The great part of the Executive MBA was being able to reach out to the Johnson alums, both in the full time and executive programs. They have been very helpful in providing advice and connecting me with other people. Some of the advice I got was to start off at one of the big 3 consulting firms first, and then transition to VC. Or, go into banking, especially the sell side if you come from a therapeutics background like me. But I also learned that you really don’t necessarily need any of those backgrounds to go into VC. Because, again, it is very much a networking heavy field. So, you could network your way into it, it might take longer than if you went via the traditional way, via consulting, operations or banking.  Also, my experience in a start-up space helped me to fit in as well.

Which makes sense, given that you are speaking with start-up CEOs daily. It is important to understand what they do, their perspective.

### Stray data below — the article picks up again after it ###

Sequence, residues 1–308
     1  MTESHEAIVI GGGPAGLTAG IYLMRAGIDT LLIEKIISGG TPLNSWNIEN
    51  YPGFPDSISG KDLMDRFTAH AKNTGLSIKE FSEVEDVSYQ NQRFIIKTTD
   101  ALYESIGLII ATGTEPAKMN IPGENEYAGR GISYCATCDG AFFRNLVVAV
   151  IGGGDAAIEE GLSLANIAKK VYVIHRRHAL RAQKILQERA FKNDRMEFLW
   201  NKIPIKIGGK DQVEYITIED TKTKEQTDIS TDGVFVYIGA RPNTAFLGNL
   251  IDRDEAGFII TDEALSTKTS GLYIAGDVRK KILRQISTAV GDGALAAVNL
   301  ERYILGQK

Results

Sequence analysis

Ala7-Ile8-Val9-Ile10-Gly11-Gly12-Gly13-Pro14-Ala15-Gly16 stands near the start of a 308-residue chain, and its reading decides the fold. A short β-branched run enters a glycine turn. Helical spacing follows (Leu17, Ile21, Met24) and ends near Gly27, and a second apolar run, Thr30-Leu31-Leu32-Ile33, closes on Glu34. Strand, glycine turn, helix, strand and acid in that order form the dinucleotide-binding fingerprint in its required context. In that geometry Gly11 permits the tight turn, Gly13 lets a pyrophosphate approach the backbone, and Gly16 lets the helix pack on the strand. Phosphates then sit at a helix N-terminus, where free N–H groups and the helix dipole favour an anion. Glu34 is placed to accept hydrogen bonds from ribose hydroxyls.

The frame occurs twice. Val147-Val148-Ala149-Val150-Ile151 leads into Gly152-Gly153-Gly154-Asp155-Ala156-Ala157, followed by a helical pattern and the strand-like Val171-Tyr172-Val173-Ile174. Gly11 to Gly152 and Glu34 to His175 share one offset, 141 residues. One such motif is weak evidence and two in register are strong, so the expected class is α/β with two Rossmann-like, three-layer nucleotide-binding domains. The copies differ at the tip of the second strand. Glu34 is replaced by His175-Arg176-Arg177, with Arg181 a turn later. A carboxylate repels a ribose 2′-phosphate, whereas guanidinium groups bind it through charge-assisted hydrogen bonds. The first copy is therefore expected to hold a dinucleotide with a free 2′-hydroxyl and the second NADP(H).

Antoine: Oh, okay, I understand. So, can you tell me a little bit about your role today with VU Venture Partners? Also, when you’re looking at an investment, what kind of things stand out to you and signal that it might be a good investment?

Fairuz: At VU Venture Partners we invest agnostically and across many verticals. I cover the health care sector, including therapeutics, med devices and digital health, which is very big right now. VU focuses mainly on the early-stage pre-seed and Series A with investments of about $3 million. We invest as lead investors and as a syndicate. 

In terms of what you’re looking for in a deal, like every other investor, you look at market size, team quality, product quality and differentiation and  how strong their intellectual property is. But first, and for most, you need to see if there is a market – the larger the market size the better. 

The second most important thing is the team. What I mean by team is, how strong the team is and how well they can work together.  What is the leadership style of the CEO? Is he or she a first-time founder? Are they able to execute and lead a diverse team? There are some things that are hard to change about a startup. If you were going to change something about the startup, the team is very important and would have to be addressed early. They must be able to work together. If the CEO is not well understood by their team, then that is definitely a red flag and will lead to problems later on.